Africa in Our Lives: Brad Paul

Brad Paul’s field diaries have taken him across Mozambique and Ethiopia to study working life and the on-the-ground impacts of international development projects. He shares his favorite travel experiences and advice to students in this AFRICA IN OUR LIVES.

Field of Study: History
Hometown: Born in Baton Rouge, Louisiana; grew up mostly in Maitland, Florida

“Most projects rely heavily on collecting quantitative data… I believe one-on-one interviews, group discussions, personal journaling, community photo documentation and other forms of ‘on the ground’ chronicling can tell us an equally important story.” -B. Paul (Submitted photo)

What brought you to Madison?

My family and I moved here two years ago after spending the previous eight years in Maputo, Mozambique. It was a very difficult decision to leave Maputo, but we decided it was time to be closer to family and my wife has roots here. She is from Fond du Lac, WI, and is also a UW-Madison graduate.

What inspired your interest in Africa?

For as long as I can remember I have been interested in Africa. The reasons may have changed over the years, but it has been a constant since childhood. Africa always seemed to attract less popular attention, so I wanted to find out why. In some respects, my academic research and professional work has been organized around this question. I am interested in comparative history; for example, industrialization and the emergence of segregation in South Africa and the American South at roughly simultaneous junctures. For the most part, however, I am mainly interested in everyday life and what we share as people regardless of where we come from. My colleagues and friends, whether from Mozambique, Malawi, or Madison, like to watch sports, spend time with their family, or enjoy a beer. Whatever is on the passport, we are fathers, mothers, brothers, sisters, and friends. Yet, we have complex and different histories. Discovering these commonalities and differences is exciting and worth the time to understand and pull together.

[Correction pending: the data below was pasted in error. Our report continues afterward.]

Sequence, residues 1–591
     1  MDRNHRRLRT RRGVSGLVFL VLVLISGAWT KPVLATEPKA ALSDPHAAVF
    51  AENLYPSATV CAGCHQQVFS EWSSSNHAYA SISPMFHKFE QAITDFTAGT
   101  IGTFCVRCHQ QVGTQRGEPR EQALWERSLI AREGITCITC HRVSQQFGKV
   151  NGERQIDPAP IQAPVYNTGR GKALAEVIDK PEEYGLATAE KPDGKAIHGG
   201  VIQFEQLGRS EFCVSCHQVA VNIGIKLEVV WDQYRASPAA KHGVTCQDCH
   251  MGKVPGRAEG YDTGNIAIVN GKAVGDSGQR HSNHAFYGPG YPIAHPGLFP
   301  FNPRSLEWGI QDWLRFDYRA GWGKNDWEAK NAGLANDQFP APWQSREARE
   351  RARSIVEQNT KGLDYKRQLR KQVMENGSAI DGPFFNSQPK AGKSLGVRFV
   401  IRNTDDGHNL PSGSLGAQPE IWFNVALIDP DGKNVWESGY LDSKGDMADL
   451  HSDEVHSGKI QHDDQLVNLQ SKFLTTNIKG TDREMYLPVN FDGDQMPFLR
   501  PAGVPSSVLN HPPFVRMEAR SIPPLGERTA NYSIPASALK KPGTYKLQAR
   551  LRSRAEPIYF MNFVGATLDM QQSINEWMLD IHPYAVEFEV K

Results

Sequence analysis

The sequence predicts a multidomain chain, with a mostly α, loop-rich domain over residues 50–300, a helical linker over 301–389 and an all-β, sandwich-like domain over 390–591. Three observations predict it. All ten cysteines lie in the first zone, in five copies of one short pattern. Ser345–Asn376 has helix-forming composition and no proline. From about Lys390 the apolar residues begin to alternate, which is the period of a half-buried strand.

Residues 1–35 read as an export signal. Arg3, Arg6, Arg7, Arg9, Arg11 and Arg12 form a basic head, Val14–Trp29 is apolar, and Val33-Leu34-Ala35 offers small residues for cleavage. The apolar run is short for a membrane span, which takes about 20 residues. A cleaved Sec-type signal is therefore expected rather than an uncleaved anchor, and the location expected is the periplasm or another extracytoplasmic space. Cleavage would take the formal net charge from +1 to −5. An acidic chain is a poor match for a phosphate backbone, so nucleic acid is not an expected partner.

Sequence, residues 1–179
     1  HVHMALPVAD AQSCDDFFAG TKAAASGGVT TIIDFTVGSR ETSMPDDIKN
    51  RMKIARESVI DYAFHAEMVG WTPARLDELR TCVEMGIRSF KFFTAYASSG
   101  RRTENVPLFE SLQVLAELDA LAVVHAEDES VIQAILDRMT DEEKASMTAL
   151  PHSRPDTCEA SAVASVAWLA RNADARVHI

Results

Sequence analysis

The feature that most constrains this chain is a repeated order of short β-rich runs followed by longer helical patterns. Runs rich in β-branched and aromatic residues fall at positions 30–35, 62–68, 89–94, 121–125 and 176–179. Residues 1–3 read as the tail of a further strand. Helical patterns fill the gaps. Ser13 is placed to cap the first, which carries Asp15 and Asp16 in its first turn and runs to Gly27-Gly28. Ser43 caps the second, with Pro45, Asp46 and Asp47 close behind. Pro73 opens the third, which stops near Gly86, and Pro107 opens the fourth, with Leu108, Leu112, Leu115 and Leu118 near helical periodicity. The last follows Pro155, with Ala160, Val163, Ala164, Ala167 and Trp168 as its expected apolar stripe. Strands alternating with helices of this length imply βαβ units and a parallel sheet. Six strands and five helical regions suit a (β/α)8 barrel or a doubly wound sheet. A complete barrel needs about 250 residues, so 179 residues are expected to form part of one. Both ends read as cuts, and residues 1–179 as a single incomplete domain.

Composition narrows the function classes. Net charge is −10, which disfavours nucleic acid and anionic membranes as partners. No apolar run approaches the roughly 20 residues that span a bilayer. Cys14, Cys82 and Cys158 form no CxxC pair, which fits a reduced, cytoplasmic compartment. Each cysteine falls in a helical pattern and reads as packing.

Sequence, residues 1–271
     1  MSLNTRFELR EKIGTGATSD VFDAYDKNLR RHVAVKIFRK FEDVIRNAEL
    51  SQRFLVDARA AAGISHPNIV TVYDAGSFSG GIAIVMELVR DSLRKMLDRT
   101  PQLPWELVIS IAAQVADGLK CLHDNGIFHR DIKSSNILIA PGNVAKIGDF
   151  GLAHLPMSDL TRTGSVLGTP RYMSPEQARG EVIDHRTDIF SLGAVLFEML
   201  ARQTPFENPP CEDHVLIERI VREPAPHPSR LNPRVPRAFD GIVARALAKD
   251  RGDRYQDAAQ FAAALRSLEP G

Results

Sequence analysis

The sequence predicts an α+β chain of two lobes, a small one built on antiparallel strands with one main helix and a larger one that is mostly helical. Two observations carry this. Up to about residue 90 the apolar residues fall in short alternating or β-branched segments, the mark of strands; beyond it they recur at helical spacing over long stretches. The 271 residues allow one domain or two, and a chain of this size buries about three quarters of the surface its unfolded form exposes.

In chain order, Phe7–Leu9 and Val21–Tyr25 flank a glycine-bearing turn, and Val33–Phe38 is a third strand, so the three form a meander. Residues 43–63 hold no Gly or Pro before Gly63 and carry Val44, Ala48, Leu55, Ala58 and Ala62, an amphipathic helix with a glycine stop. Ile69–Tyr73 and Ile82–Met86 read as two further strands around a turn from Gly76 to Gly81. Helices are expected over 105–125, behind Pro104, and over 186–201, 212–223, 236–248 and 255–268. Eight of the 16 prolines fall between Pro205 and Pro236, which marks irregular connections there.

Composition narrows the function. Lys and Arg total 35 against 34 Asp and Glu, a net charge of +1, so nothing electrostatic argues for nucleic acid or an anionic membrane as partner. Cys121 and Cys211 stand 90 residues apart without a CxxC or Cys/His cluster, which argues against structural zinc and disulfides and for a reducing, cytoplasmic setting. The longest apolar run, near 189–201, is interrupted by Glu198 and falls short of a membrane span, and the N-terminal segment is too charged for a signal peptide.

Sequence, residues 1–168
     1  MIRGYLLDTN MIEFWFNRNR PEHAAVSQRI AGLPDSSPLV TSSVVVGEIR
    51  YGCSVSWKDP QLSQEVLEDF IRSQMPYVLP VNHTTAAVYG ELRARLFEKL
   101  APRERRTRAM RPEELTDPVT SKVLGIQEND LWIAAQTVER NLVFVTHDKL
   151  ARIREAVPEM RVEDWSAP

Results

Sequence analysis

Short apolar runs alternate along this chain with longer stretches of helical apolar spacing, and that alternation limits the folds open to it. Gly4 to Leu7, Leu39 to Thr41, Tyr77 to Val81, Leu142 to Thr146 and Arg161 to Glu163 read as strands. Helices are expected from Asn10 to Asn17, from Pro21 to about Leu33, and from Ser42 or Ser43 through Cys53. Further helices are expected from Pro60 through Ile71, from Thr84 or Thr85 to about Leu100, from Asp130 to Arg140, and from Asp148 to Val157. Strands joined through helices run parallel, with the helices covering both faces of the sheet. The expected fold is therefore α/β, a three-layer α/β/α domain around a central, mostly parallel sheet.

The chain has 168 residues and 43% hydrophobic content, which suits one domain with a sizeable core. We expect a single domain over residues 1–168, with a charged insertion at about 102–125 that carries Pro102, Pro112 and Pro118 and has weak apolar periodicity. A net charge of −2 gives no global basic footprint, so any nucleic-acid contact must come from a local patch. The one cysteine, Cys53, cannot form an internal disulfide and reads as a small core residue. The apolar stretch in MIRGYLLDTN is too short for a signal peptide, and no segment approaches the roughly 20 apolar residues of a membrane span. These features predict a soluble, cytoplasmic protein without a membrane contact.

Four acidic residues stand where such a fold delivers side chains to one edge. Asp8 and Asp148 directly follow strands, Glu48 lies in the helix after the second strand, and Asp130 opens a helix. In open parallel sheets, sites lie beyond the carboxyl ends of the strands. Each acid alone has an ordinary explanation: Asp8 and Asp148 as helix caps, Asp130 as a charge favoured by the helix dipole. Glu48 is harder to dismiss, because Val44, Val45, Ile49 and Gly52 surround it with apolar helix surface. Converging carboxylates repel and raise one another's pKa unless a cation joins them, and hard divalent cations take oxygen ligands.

Tell us about your favorite travel experience.

Tough one. So many. Visiting the village (Sergoit, Kenya) my wife, Tina Lloren, lived in during the Peace Corps was pretty powerful. The mayor, the school headmaster, the faculty, and the entire student body welcomed us and showed us their new chemistry lab, which they named after Tina!; Traveling throughout the “cashew triangle” of Mozambique; Visiting Robben Island; watching a giraffe just casually cross our path while on my first safari in Kruger National Park; Outside of Africa, living in Greece for a year as a kid and later, as an adult, traveling to Cuba and the former Yugoslavia were pretty remarkable.

An image of “Brad’s bar” in Mozambique, named for his alma mater, the University of Massachusetts. (Submitted photo)

What led you to study work culture in Mozambique?

My academic background is in labor history, so I have long been interested in issues of workplace organization, trade unions, and economic and social life. And, my work in Mozambique presented a good opportunity to pursue some of these themes in a variety of settings, including cashew factories, community maize mills, among soy farmers, chili growers, and in coconut and tree nurseries. I was the research director of an NGO that provided services to smallholder farmers and rural wage earners. The NGO had a very gifted group of agricultural and business advisors, but often struggled when it came to understanding a particular project’s influence on everyday life. There were consequences- mostly positive, but some negative- that often escaped the balance sheet. My emphasis on looking at work- something most everyone is engaged in at some level- hopefully gave us a fuller understanding of the communities in which we were operating.